10-24-05 - Hurricane Wilma crashed ashore early Monday as a strong Category 3 storm, battering southwest Florida with 125 mph winds and pounding waves as it began a dash across the state. At least one death in Florida was blamed on the storm.
The same storm that brought ruin over the weekend to resort towns along Mexico's Yucatan Coast flooded large sections of Key West and other areas and knocked out power to more than 300,000 homes and businesses in the Keys and in such places as Miami and Fort Lauderdale.
In Cuba, huge waves crashed into Havana, swamping neighborhoods up to four blocks inland with floodwaters reaching up to 3 feet in some places. Basement apartments were submerged. In Cancun, Mexico, troops and federal police worked to control looting at stores and shopping centers ripped open by the hurricane, and hunger and frustration mounted among Mexicans and stranded tourists.
Wilma, Florida's eighth hurricane in 15 months, made landfall in Florida at 6:30 a.m. EDT near Cape Romano, 22 miles south of Naples, bringing with it a potential 18-foot storm surge, the National Hurricane Center said. Up to 10 inches of rain and tornadoes were forecast for parts of central and southern Florida.
"I looked out our place and I saw a bunch of stuff flying by," said Paul Tucchinio, who was riding out the storm in a condo three blocks from the beach in Naples. "It sounds like someone threw a bunch of rocks against the boards. It's wicked."
Within 2 1/2 hours after Wilma came ashore, it had weakened to a Category 2 storm with 110 mph winds as it raced across the state toward heavily populated Miami-Dade, Broward and Palm Beach counties on the Atlantic coast.
A man in the Fort Lauderdale suburb of Coral Springs died when a tree fell on him, Broward County spokesman Carl Fowler said. Wilma killed at least three people in Mexico and 13 others in Jamaica and Haiti as it made is way across the Caribbean last week.
More than 33,000 people were in shelters across the state. But in the low-lying Florida Keys, not even 10 percent of the Keys' 78,000 residents evacuated, Sheriff Richard Roth said. Key West was getting sustained winds of 60 mph, with gusts of 76 mph.
About 35 percent of Key West was flooded, including the airport, said Jay Gewin, an assistant to the island city's mayor. No travel was possible in or out of the city, he said. U.S. 1, the only highway connecting the Keys to the mainland, was flooded.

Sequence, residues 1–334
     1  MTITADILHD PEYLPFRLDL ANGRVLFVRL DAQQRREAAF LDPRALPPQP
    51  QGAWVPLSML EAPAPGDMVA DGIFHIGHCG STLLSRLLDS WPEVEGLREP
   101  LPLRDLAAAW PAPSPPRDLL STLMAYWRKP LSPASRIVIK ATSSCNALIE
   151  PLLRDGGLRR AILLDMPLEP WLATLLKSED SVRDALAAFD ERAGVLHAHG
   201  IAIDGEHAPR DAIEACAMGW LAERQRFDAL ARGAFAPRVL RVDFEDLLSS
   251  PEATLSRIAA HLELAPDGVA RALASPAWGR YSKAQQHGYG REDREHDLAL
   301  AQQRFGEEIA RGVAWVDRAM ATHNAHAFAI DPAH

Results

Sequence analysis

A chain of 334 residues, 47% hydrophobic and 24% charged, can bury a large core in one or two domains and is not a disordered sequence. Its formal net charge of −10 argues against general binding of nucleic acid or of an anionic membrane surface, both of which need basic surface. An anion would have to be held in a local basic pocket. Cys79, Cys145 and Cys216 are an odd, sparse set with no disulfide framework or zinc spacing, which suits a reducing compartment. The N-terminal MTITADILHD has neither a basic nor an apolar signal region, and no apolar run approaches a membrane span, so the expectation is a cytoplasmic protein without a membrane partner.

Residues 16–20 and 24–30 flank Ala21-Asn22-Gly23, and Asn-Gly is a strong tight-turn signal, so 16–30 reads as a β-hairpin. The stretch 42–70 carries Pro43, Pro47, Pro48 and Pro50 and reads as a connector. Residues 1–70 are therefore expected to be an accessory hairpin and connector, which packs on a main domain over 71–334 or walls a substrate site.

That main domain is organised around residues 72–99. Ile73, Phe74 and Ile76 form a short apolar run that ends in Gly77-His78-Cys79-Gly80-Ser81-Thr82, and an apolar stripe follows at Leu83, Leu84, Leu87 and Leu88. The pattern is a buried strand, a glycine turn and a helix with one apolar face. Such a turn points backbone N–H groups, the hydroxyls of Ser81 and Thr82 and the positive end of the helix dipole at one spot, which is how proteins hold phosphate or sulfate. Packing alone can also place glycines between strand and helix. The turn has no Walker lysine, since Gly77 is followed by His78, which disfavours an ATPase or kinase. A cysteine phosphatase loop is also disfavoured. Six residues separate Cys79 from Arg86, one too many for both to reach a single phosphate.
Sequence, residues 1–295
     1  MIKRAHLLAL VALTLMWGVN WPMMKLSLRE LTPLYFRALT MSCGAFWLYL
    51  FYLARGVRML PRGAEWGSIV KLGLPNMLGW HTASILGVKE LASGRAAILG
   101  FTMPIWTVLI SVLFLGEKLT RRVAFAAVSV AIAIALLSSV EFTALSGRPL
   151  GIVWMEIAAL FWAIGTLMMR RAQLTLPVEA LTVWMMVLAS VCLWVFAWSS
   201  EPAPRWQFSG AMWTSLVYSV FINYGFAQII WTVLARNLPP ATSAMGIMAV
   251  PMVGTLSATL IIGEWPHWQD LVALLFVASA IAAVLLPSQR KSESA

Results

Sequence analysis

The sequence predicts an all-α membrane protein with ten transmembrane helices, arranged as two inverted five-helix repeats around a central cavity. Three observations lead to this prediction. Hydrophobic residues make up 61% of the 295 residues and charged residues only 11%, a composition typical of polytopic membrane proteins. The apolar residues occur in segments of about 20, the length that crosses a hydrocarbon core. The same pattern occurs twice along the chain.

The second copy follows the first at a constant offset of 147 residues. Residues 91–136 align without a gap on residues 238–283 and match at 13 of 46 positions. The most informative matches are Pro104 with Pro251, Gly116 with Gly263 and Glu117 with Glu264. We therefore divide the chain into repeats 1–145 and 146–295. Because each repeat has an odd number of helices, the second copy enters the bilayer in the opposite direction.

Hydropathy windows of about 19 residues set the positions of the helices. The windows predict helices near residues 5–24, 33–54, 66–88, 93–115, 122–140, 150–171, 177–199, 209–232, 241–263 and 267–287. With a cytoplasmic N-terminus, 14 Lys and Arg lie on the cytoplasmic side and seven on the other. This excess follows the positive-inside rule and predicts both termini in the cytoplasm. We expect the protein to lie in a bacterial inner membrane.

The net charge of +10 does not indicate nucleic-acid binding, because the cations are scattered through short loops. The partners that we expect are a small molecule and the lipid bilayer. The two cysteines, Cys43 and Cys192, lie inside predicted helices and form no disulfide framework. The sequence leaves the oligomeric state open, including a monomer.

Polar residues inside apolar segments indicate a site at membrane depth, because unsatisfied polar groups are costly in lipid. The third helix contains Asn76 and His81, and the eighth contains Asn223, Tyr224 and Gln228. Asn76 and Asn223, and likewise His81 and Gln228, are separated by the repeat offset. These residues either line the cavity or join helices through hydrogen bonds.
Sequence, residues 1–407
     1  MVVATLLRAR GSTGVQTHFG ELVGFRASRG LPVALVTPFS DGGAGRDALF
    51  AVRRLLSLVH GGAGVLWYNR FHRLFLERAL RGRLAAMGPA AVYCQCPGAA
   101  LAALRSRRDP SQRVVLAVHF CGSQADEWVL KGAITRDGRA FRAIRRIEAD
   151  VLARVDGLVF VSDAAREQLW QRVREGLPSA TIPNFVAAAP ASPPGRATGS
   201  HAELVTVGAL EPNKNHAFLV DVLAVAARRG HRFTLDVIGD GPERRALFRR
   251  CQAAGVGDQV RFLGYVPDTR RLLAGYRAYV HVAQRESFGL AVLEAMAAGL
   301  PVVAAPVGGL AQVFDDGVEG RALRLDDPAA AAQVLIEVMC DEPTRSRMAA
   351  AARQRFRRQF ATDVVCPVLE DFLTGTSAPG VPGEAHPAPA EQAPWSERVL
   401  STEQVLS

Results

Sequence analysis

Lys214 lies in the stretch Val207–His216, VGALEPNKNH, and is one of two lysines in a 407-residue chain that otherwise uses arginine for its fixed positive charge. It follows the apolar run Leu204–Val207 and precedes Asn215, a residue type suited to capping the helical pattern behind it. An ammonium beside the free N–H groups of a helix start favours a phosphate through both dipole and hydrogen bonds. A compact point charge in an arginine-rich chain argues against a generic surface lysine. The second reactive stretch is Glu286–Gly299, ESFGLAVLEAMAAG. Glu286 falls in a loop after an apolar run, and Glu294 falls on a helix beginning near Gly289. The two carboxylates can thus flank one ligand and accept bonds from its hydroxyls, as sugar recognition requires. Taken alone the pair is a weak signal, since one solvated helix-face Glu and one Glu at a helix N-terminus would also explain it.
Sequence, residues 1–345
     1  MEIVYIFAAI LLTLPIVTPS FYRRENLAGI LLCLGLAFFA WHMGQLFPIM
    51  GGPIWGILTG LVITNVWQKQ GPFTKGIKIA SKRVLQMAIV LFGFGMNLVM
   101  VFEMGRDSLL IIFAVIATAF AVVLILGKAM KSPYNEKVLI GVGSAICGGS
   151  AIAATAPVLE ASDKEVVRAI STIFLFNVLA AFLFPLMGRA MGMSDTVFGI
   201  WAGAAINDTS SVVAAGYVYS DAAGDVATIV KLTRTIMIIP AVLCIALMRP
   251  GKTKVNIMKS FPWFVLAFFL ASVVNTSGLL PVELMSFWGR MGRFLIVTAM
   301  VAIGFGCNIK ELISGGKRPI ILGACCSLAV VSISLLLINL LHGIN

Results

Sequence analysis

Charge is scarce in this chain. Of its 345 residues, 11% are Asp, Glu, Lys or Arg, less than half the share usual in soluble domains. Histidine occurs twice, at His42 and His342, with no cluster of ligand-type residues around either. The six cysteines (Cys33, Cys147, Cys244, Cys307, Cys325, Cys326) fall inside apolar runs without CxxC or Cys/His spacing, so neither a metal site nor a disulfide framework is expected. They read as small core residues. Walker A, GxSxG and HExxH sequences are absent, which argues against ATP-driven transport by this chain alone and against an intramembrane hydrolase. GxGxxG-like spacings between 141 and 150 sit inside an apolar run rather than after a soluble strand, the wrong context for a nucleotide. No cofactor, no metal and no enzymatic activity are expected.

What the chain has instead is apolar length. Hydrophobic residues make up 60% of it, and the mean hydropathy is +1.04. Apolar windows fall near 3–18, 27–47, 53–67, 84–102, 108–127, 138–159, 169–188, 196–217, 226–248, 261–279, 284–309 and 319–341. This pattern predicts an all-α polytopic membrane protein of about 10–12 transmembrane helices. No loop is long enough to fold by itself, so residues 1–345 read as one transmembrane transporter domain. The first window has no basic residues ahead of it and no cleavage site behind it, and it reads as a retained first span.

Key West Police Chief Bill Mauldin said the flooding was severe _ "more extensive than we've seen in the past." But he said he would not know until the full extent of any damage until the winds died down.
By 9 a.m., the storm was centered in the middle of the state about 45 miles southwest of West Palm Beach. It was moving northeast at about 25 mph.
Flooding was reported a few islands to the north on the snowbird enclave of Marco Island, and in downtown Naples. "But we really are only halfway through the storm, so we can't get out to assess things," Collier County emergency management spokeswoman Jaime Sarbaugh said.
By midafternoon, a weaker Wilma was expected to skirt the southern end of Lake Okeechobee and head into the Atlantic off Palm Beach County. By early Wednesday, it was expected to be off the coast of Canada, but forecasters said it may not bring heavy rain because its projected track was far off shore.
David Paulison, acting director of the Federal Emergency Management Agency, said FEMA personnel were in shelters waiting for the hurricane winds to die down before they could assess the damage and begin relief efforts. He said he was "very concerned" that so many people in the Keys did not evacuate.
While FEMA was bitterly criticized for its sluggish response to Hurricane Katrina, this time the agency had people working side by side with state emergency officials, Paulison said.
"We are going to make sure that we have good visibility on anything that's going on the ground to make sure we ... understand exactly what's happening," he said on CBS.
FEMA personnel are "ready to go," Paulison said on CNN. "They're motivated, they're going to get on top of this and move very quickly."
Weary forecasters also monitored Tropical Depression Alpha, which became the record-breaking 22nd named storm of the 2005 Atlantic season. Alpha, which drenched Haiti and the Dominican Republic on Sunday, was not considered a threat to the United States.
Gov. Jeb Bush asked that Florida be granted a major disaster declaration for 14 counties. Many of the areas bracing for Wilma were hit by hurricanes in the past two years.
The National Guard was on alert, and state and federal officials had trucks of ice and food ready to deploy. FEMA was poised to send in dozens of military helicopters and 13.2 million ready-to-eat meals if needed.
In Miami Lakes, as Wilma spun more than 150 miles away, the blue glow of transformers exploding illuminated the pre-dawn sky. Large signs marking exits on the Palmetto Expressway were already toppled by Wilma's gusts, which were only tropical-storm force at that time.
Wilma's arrival also was announced by at least four tornadoes _ including one near Kennedy Space Center at Cape Canaveral _ that caused some structural damage to businesses, but no injuries.
Wilma, which prompted the fourth evacuation of the Keys this year, earlier battered the Mexican coastline with howling winds and torrential rain.
One serious injury was reported in Florida on Sunday: a 12-year-old girl suffered a fractured skull in Wellington when falling hurricane shutters struck her head, said Palm Beach County Sheriff's spokesman Paul Miller. She was hospitalized in critical condition.
In Europe, crude oil slipped below $60 as traders expected Wilma to avoid already battered Gulf of Mexico oil producing and refining facilities. At least four companies operating in the gulf shut down production platforms.
On the Net:
National Hurricane Center: http://www.nhc.noaa.gov